The Copa America final is set: Argentina will face Chile for a second straight summer to decide the champion. Here's what to look for.
The Copa America final is set, and it's a familiar one.
Argentina and Chile will vie for the Copa America title for a second straight summer after each easily dispatched its semifinal opponent. Argentina overran the USA in a 4-0 result on Tuesday night, while Chile blitzed Colombia out of gate, picking up where it left off in the quarterfinal against Mexico and advancing after a weather-delayed 2-0 win.
In addition to meeting in last year's final, which Chile won on penalty kicks, the two sides engaged in one of the more entertaining games of this Copa America, opening group play against one another. Argentina prevailed, 2-1, with Angel Di Maria and Ever Banega scoring and assisting for each other before Chile nicked one in the last minute.
Here are a few early thoughts on this highly anticipated matchup:
Argentina is the favorite
And how could it not be? This is a team on a mission and it has essentially coasted throughout the competition. Led by a motivated Lionel Messi, who has five goals and five assists in very limited action and is in line for another Golden Ball for his trophy room, Argentina is positioned to end its famed 23-year title drought.
With expectations come great pressure, though. This will be Argentina's third straight major final, and after experiencing massive disappointment in each of the last two, managing the psychological game will be part of manager Tata Martino's most important tasks in the build-up to Sunday. Remember, Argentina thrashed Paraguay 6-1 in its semifinal last summer only to be stifled by Chile in the final. Carrying the confidence of Tuesday's win over the USA can only take it so far.
That said, with Messi being Messi, Higuain bringing his scorching-hot Napoli form to the knockout stage, a midfield showing extreme dedication and a widely questioned defense that is holding its own, La Albiceleste has a fantastic chance to end a painful chapter for a golden generation and bring some silverware back to Buenos Aires.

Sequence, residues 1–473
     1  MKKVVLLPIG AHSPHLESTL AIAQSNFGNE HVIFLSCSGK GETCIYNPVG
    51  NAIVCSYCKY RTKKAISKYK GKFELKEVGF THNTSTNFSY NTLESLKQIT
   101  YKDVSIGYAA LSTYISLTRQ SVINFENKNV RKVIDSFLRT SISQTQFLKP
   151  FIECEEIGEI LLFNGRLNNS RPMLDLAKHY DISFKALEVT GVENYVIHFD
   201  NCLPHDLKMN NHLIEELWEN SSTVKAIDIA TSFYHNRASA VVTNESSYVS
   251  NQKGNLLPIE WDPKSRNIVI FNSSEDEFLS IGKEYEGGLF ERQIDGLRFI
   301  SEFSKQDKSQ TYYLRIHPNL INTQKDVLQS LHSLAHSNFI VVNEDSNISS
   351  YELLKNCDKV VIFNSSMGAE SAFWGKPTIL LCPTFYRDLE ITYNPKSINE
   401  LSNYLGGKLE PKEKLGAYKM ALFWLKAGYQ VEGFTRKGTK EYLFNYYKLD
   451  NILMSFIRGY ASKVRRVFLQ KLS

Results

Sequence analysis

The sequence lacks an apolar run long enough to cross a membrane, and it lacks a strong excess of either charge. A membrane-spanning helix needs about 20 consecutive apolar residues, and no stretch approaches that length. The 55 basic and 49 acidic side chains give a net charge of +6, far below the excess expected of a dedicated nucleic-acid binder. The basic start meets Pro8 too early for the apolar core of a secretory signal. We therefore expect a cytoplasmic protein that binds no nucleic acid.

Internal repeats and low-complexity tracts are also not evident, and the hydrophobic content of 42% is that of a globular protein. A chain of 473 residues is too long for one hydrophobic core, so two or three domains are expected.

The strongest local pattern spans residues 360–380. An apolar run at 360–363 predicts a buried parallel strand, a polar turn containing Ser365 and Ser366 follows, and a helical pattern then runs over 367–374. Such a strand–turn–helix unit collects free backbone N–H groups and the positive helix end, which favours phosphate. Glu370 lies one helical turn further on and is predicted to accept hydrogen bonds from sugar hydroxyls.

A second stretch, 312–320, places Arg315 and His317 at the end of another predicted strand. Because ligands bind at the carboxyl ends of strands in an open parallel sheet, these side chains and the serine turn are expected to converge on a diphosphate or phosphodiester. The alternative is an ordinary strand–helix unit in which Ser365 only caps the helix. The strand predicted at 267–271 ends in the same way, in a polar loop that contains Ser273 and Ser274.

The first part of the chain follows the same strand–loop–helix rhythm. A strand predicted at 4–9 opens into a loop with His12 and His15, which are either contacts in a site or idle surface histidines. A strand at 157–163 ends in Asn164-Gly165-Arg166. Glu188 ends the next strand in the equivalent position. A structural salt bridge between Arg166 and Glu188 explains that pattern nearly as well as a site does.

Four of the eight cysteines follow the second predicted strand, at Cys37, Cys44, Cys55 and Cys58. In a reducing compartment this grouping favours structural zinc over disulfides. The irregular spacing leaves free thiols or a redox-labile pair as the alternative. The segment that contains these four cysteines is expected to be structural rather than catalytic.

But speaking of pressure ...
Holy Moly Part II
If you remember one of Jurgen Klinsmann's first press conferences of Copa America, he raved about Argentina and Chile's group matchup and the pressure, pace and skill with which they played throughout, dropping the very honest and unfiltered:
So expect more of the same. It's a final, so there should be some early nerves, but these teams are both playing at an outrageous level, they know each other quite well and won't be deploying any special game plan. Neither is going to be intimidated or overwhelmed by the other. It'll be breakneck soccer, and it will entertain. Argentina and Chile have pressured their opponents into submission without hesitation, and whichever one can do it to a greater effect Sunday will be the one taking the rematch. It was Argentina on June 6–without Messi.
Absences could play a role
The caveat to Argentina's success: The team is at far from 100%. Ezequiel Lavezzi is out with a broken elbow. Augusto Fernandez's availability is in question after he suffered a muscle strain. Marcos Rojo has a muscle strain of his own. Di Maria hasn't played since getting injured against Panama in the second game of the group stage.
Fortunately for Martino, his squad is as deep as it gets, and he can rotate without a problem, relative to other national teams in the world and especially in this competition. Consider that Sergio Aguero is having a hard time getting off the bench, and you start to let any iota of sympathy you might have for Argentina's injury situation waft away.
As for Chile, which will have a full day less of rest and the fallout from an odd, rain-delayed match to overcome, it lost midfielder Pablo Hernandez to a knee injury early vs. Colombia and will be sweating the fitness of another central midfielder, Marcelo Diaz, who was forced to miss the semifinal. At the top of the depth chart, Arturo Vidal will be back from suspension, fully rested and eager to contribute, and that's good news for La Roja.